, Volume 3, Issue 1, pp 381–391 | Cite as

The antibody response during amphibian ontogeny

  • L. Du Pasquier
  • J. Haimovich


The maturation of the anti DNP-response in adult and larval amphibians has been compared in two species of anurans,Rana catesbeiana andXenopus laevis. IgM responses were very similar in larvae and adults of both species. Specific IgG antibody synthesis, studied inRana catesbeiana only, was not obvious in larval primary response but was easily detectable in adults. Although metamorphosis results in profound changes in the lymphoid system associated with the apparent acquisition of self tolerance to new antigens, immunological memory of antigens injected during larval life ofRana andXenopus persists after the metamorphosis period.


Unable to display preview. Download preview PDF.

Unable to display preview. Download preview PDF.


  1. Baculi, B.S. and Cooper, E.L.: Lymphomyeloid organs of Amphibia. IV. Normal histology in larval and adultRana catesbeiana.J. Morphol. 126:467–476, 1968Google Scholar
  2. Bernardini, N., Chardonnens, X., and Simon, D.: Développement après la métamorphose de compétences immunologiques envers les homogreffes cutanées chezXenopus laevis Daudin.C.R. Acad. Sci. (Paris) 209:1011–1014, 1969Google Scholar
  3. Chardonnens, X. and Du Pasquier, L.: Induction of skin allograft tolerance during metamorphosis of the toadXenopus laevis: a possible model of studying the generation of self tolerance to histocompatibility antigens.Eur. J. Immunol. 5:569–573, 1973Google Scholar
  4. Clem, L.W. and Small, P.A.: Phylogeny of immunoglobulin structure and function. V. Valences and association constants of teleost antibodies to a haptenic determinant.J. Exp. Med. 155:385–400, 1970Google Scholar
  5. Decker, J. and Sercarz, E.: Antigen binding cells and the generation of diversity.Amer. Zool. 15:189–197, 1975Google Scholar
  6. Du Pasquier, L.: Ontogeny of the immune response in animals having less than one million lymphocytes: the larvae of the toadAlytes obstetricans.Immunology 19:353–362, 1970Google Scholar
  7. Du Pasquier, L.: Ontogeny of the immune response in cold-blooded vertebrates.Curr. Top. Microbiol. Immunol. 61:37–88, 1973Google Scholar
  8. Du Pasquier, L. and Chardonnens, X.: Genetic aspect of the tolerance to allografts induced at metamorphosis in the toadXenopus laevis.Immunogenetics 2:431–440, 1975Google Scholar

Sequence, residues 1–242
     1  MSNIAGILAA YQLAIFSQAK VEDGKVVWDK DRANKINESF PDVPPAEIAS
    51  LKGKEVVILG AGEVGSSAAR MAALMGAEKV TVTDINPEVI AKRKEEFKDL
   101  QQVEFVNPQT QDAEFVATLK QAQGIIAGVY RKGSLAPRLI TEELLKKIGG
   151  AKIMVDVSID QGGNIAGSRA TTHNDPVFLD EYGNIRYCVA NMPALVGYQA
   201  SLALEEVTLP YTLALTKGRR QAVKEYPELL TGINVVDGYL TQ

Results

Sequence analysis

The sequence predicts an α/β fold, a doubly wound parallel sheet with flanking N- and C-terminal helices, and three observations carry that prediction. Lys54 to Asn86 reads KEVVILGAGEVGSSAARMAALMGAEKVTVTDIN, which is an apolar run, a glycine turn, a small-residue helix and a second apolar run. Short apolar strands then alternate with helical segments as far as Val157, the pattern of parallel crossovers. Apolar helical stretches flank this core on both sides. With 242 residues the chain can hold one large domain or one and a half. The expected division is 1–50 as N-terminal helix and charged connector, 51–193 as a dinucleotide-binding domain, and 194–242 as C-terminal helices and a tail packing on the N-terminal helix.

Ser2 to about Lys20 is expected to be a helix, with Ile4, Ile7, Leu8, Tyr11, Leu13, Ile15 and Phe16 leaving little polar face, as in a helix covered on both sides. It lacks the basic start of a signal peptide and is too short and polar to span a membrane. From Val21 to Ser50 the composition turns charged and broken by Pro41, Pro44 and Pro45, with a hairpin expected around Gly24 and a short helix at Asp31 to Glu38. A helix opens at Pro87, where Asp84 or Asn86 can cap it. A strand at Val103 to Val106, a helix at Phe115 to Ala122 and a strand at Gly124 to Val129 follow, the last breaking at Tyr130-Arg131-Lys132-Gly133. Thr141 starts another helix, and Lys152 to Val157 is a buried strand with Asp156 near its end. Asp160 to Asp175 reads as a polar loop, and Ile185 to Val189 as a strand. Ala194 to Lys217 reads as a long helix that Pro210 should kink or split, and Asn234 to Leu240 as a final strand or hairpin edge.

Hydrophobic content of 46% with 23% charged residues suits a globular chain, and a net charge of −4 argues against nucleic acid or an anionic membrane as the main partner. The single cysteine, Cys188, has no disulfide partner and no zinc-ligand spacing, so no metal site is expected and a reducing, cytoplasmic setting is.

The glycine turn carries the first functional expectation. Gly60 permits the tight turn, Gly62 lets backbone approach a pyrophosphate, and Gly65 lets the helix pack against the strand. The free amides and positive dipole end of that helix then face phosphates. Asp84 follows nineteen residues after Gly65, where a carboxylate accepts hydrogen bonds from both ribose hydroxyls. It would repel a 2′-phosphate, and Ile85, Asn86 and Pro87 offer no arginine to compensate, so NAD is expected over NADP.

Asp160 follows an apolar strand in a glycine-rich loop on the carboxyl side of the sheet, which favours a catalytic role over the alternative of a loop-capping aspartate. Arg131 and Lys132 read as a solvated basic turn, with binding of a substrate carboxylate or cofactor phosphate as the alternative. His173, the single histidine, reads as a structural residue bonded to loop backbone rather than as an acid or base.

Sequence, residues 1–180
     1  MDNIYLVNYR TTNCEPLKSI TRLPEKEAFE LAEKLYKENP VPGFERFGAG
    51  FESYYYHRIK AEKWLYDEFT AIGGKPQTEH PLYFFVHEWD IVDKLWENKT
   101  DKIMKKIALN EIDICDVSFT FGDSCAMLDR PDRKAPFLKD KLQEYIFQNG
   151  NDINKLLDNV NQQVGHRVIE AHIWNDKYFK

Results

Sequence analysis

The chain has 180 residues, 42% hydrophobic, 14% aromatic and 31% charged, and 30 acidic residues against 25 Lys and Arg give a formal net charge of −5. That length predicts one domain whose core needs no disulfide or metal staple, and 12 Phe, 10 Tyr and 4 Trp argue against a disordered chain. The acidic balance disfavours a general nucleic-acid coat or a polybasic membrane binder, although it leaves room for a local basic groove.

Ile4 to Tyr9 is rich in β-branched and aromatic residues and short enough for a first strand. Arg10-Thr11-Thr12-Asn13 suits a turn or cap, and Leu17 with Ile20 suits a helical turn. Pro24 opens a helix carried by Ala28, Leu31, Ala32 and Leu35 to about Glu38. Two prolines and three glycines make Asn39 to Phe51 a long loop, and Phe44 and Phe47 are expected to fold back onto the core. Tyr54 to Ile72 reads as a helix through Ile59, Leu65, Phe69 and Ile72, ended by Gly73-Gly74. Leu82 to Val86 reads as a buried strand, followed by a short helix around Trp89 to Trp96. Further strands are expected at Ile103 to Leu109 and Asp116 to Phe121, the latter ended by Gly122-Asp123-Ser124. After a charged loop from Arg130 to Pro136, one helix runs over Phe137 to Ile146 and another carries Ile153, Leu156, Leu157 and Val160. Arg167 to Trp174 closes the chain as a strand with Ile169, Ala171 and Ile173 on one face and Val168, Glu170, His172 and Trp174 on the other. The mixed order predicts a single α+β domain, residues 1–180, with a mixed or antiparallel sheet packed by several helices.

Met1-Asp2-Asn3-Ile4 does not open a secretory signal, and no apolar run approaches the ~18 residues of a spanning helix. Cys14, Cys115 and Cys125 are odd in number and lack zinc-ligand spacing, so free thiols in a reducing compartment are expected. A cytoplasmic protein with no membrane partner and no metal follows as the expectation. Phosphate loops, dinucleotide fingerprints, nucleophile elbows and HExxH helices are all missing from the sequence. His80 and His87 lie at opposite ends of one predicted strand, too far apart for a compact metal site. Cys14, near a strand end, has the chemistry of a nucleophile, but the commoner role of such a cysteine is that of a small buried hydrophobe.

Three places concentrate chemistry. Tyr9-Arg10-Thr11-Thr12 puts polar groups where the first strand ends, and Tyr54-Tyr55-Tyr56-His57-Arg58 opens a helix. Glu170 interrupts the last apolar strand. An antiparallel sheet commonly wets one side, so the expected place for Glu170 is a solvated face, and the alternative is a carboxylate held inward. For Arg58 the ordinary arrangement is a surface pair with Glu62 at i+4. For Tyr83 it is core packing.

9. Du Pasquier, L. and Haimovich, J.: Changes in affinity of IgM antibodies in amphibian larvae.Eur. J. Immunol. 4:580–583, 1974Google Scholar
  10. Du Pasquier, L., Weiss, L.: The thymus during the ontogeny of the toadXenopus laevis: growth, membrane bound immunoglobulins and mixed lymphocyte reaction.Eur. J. Immunol. 5:773–777, 1973Google Scholar
  11. Elkan, E.: Amphibians.In: A.N. Worden and W. Lane-Petter (eds.):UFAW Handbook of the Care and Managment of Laboratory Animals (2nd Ed.), pp. 804–815. Livingstone, Edinburgh, 1957Google Scholar
  12. Emmrich, F., Richter, R.F., and Ambrosius, H.: Immunoglobulin determinants on the surface of lymphoid cells of carps.Eur. J. Immunol. 5:76–78, 1975Google Scholar
  13. Gecsy, C.L., Green, P.C., and Steiner, L.A.: Immunoglobulins in the developing amphibianRana catesbeiana.J. Immunol. 111:1261–1261, 1913Google Scholar
  14. Goidl, E.A. and Siskind, G.W.: Ontogeny of B lymphocyte function. I. Restricted heterogeneity of the antibody response of B lymphocytes from neonatal and fetal mice.J. Exp. Med. 140:1285–1302, 1914Google Scholar
  15. Hadji-Azimi, I.: Studies onXenopus laevis immunoglobulins.Immunology 21:463–474, 1971Google Scholar
  16. Haimovich, J. and Du Pasquier, L.: Specificity of antibodies in amphibian larvae possessing a small number of lymphocytes.Proc. Nat. Acad. Sci. USA.70:1898–1902, 1973Google Scholar
  17. Haimovich, J., Novik, N., and Sela, M.: Inhibition of the inactivation of modified phage.Isr. J. Med. Sci. 5:438, 1969Google Scholar
  18. Marchalonis, J.J. and Atwell, J.L.: Phylogenetic emergence of distinct immunogloublin classes.In L'Etude phylogénique et ontogénique de la response immunitaire et son apport à la théorie immunologique, pp. 153–162. Inserm., Paris, 1973Google Scholar
  19. Moticka, E.J., Brown, B.A., and Cooper, E.L.: Immunoglobulin synthesis in bullfrog larvae.J. Immunol. 110:855–861, 1973Google Scholar
  20. Nieuwkoop, P.D. and Faber, J.:Normal Table of Xenopus laevis (Daudin). North Holland, Amsterdam, 1967Google Scholar
  21. Rosenquist, G.L. and Hoffman, R.Z.: The production of anti-DNP antibody in the bullfrogRana catesbeiana.J. Immunol. 105:1499–1505, 1972Google Scholar
  22. Segal, S., Globerson, A., Feldman, M., Haimovich, J., and Sela, M.:In vitro induction of a primary response to the dinitrophenyl determinant.J. Exp. Med. 132:93–99, 1970Google Scholar
  23. Siskind, G.W. and Benacerraf, B.: Cell selection by antigen in the immune response.Adv. Immunol. 10:1–50, 1969Google Scholar
  24. Spear, P.G., Wang, A.L., Rutishauser, U., and Edelman, G.M.: Characterization of splenic lymphoid cells in fetal and newborn mice.J. Exp. Med. 155:557–573, 1973Google Scholar
  25. Urbain, J., Van Acker, A., de Vos-Cloetens, C.H., and Urbain-Vansanten, G.: Increase and decrease in binding affinity of antibodies during the immune response.Immunochemistry 9:121–136, 1972Google Scholar
  26. Volpe, E.P.: Transplantation immunity and tolerance in Anurans.Transplant. Proc. 2:286–292, 1970Google Scholar
  27. Witschi, E.:Development of Vertebrates, pp. 78–92, Saunders, Philadelphia, 1956Google Scholar

Copyright information

© Springer-Verlag New York Inc. 1976

Authors and Affiliations

  • L. Du Pasquier
    • 1
  • J. Haimovich
    • 2
  1. 1.Basel Institute for ImmunologyBasel 5Switzerland
  2. 2.The Weizmann Institute of ScienceRehovotIsrael

Personalised recommendations